Introduction: Work Table on Wheels

My garage is a nightmare. I have projects piling up, and no usable workspace to get anything done. I decided to build a work table that I could roll out of the garage, and do some clean up in the meantime. I needed a table that would have enough surface space, but also some underneath storage for lumber. The deck of the table is 3/4" plywood, and there is a border of red oak that goes around the perimeter. I left a 4" overhang on the table so that it would be easy to clamp things down.

Step 1: Supplies

  • 1 - 4'x8' - 3/4" plywood
  • 7 - 2"x4" x 8' Pine Board
  • 6 - 2"x6" x 8' Pine Board
  • 2 - 1"x2" x 8' Oak Trim
  • 2 - 1"x2" x 6' Oak Trim
  • 4 - 3" Caster Wheels (2 are rotating & locking) plus mounting screws
  • 2" Construction Screws
  • 3" Construction Screws
  • Polyurethane
  • 8 x 5" x 1/2" Carriage Bolts, washers, and nuts

Tools needed:

  • Circular saw
  • Power Drill
  • Belt Sander
  • Palm Sander
  • Paint Brush

Step 2: Build It Upside Down!

I started by building the framework for the table laying on the ground. Since I wanted to have a 4" overhang on each edge, the length of the frame is 88" x 40". I used a combination of pocket holes and driling screws from the outside in to strength. the box. These are the 2"x6" boards that make up the frame.

The legs are 2"x4" boards attached with 1/2" Carriage Bolts to the frame. Like a jig saw, I used shorter board on the inside part of the leg to create a joint for the cross beam, which ties the entire thing together. The goal was to make the table site 35" off the ground. Once the legs were installed and the cross beams mounted, I used a few extra boards to create a shelf that would facilitate lumber storage underneath. Once the casters were installed, I flipped the table over.

Step 3: Add the Table Top and Trim

I centered the plywood on the table, marked 4" from each edge, and used construction screws countersunk to attach the plywood. I then added the red oak trim strips to the outside edge. This hardwood will not only protect the plywood from getting damaged, but the hardwood will be a nice surface to clamp too. I sanded the entire top with a belt, then palm sander. I didn't spend a ton of time making it perfect, as it's a workshop table. I stained the top with Polyurethane and let it dry. I piled some of my scrap lumber on the bottom shelf, and I'm ready for my next project!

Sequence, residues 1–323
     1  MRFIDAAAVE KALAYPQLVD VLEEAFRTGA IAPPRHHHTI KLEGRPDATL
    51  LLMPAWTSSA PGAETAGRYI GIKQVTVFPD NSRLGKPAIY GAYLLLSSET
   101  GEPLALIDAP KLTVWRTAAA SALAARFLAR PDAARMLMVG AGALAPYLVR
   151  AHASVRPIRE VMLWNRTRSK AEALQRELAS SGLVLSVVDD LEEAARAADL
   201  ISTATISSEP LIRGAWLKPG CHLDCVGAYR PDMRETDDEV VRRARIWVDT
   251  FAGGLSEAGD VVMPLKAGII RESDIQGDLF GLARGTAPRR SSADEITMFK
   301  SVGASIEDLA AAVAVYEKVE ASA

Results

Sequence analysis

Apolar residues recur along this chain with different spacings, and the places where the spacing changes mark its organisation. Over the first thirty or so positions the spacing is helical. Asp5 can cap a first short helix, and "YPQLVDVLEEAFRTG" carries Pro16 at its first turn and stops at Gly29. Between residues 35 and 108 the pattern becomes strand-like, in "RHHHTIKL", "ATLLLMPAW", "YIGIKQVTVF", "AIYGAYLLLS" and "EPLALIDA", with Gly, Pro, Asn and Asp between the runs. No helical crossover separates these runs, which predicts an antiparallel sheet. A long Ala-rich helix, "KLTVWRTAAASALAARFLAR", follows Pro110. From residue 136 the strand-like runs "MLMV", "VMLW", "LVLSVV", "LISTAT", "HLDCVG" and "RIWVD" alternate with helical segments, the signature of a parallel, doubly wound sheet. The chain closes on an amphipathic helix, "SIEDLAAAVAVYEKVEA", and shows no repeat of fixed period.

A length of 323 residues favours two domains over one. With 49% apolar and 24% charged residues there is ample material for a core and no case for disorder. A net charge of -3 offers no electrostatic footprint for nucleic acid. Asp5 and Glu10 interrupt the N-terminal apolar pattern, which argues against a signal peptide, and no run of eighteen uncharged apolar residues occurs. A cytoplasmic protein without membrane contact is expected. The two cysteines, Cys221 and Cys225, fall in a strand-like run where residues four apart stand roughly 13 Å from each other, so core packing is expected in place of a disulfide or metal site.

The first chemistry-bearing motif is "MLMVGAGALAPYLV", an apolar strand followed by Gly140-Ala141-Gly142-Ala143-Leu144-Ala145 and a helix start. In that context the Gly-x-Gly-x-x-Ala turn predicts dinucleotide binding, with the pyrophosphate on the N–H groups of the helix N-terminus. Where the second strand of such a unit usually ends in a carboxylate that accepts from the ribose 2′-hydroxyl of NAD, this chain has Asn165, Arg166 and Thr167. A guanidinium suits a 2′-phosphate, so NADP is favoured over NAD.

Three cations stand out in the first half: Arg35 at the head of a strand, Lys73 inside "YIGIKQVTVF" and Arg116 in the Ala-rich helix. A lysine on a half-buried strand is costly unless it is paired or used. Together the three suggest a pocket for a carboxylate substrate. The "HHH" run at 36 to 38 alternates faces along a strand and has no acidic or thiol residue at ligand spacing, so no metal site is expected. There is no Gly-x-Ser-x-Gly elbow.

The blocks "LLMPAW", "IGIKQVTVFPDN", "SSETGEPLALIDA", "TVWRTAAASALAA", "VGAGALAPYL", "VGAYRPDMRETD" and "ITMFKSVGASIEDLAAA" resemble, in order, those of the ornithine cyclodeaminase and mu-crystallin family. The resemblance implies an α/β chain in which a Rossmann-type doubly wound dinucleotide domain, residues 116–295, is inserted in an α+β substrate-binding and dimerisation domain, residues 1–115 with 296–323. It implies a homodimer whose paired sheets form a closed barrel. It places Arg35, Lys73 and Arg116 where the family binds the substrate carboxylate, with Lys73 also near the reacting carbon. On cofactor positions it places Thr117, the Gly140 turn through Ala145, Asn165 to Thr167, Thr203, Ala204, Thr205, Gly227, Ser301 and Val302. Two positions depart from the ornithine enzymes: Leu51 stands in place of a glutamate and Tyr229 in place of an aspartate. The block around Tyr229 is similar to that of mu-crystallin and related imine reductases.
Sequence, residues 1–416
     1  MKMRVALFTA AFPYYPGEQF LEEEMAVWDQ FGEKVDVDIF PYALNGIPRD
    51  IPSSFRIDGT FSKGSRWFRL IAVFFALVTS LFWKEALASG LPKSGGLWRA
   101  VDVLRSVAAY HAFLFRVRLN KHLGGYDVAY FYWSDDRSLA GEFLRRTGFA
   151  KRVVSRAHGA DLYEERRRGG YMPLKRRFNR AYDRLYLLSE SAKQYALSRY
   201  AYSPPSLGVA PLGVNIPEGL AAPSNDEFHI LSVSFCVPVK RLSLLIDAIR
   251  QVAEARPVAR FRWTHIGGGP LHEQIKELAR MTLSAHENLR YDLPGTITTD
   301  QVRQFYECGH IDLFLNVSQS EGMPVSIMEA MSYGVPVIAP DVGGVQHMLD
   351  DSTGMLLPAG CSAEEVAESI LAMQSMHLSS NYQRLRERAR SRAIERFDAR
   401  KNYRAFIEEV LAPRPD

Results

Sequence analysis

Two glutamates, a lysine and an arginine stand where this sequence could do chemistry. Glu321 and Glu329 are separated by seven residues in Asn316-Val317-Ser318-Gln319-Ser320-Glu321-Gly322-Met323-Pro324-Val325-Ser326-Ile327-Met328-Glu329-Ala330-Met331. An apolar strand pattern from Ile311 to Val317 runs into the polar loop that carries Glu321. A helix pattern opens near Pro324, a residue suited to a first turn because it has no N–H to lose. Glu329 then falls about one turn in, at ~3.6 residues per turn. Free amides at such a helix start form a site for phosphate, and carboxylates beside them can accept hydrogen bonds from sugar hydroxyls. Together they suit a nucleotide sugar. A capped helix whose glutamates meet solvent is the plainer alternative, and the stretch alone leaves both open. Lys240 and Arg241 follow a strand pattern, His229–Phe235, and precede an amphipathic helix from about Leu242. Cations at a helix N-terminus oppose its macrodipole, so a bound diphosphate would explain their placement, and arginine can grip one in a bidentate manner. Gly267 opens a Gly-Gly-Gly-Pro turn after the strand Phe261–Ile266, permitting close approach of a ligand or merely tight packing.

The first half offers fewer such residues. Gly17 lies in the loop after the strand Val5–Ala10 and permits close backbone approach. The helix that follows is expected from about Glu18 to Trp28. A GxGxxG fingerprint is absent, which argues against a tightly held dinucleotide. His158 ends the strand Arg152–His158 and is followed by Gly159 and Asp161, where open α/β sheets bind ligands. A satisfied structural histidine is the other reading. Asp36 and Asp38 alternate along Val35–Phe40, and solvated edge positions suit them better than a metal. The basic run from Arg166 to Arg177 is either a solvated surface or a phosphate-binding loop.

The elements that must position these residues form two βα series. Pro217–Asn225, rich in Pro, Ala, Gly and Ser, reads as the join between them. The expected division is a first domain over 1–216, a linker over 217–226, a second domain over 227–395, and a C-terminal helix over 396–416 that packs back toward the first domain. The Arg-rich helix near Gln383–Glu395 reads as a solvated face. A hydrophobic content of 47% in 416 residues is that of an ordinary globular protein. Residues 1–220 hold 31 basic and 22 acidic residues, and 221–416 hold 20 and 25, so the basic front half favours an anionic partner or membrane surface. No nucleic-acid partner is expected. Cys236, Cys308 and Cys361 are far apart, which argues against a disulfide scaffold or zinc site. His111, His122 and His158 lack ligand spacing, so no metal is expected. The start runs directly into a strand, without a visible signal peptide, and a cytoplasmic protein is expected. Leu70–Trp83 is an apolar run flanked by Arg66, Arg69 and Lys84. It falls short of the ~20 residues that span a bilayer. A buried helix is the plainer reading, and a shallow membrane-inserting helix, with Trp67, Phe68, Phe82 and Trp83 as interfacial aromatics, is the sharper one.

Comments

author
bbologna made it! (author)2016-10-01

Any concerns with doing any serious hammering while on casters? You might get some bounce, or movement.

author
MichaelMikkelson made it! (author)MichaelMikkelson2017-02-13

Sorry for the late reply, as I didn't see this until now. The casters are pretty beefy, so I doubt I'd have concerns on that. If this becomes a problem, I can always buy bigger casters!

author
IzzysDad made it! (author)2017-02-12

Great work! Was wondering, though I can probably figure it out myself with some thought, do you have a cut list/dims? Mostly for the legs construction? Thx!

author
MichaelMikkelson made it! (author)MichaelMikkelson2017-02-13

Sorry, no. I had some rough sketches before I started, and built it as I went along. I guess I had the entire thing laid out in my head, and it ended up working out pretty well. Hopefully, you can use the pictures to help figure out what isn't documented. Good luck.

author
Oldehawks10 made it! (author)2017-01-24

I like this idea being on casters. I have limited space and in need of both a lumber cart and a work station.

author
ThomasK19 made it! (author)2016-04-28

While the possibility to move a work table sounds nice, I need a work table that rests firmly on the ground and does not move when I want to work on it.

author
MichaelMikkelson made it! (author)MichaelMikkelson2016-04-28

2 of the caster wheels have locking brakes, so the table remains put. I think that there might be some applications where not having it on casters would be better, but with the weight of the table and the locks, the table doesn't move.

author
ThomasK19 made it! (author)ThomasK192016-04-28

How about adding some small lifters mounted to the legs which can be pressed down with levers (genius would be a central lever). A workbench needs to take have force downwards. Even with roll breaks I guess there is still a lot of instability.

Or (!) how about the rolls being retractable? So when settled they are inside the legs and for movement they can be pushed down.

author
MichaelMikkelson made it! (author)MichaelMikkelson2016-04-28

Good idea. I'll have to google that to see if there is an option that isn't too expensive. Also, I built the table to be the same height as my table saw, so modifying the design might change that height. I have that retractable wheels thing on my dewalt planer, so I know exactly what you are talking about.

author
ThomasK19 made it! (author)ThomasK192016-04-28

The heavier training tools for athletics (those you find in schools) have a lever to push down the wheels. I guess, placing something like that in the legs is challenging.

author
TomW27 made it! (author)2016-04-26

Did you put any kind of finish on your workbench?
Thanks

author
MichaelMikkelson made it! (author)MichaelMikkelson2016-04-26

Yes, I did a coat of Polyurethane and plan to do a few more coats this weekend. I had thought about doing an epoxy resin to make it stronger, but I figured that it is a workbench, and will be dinged up no matter what.

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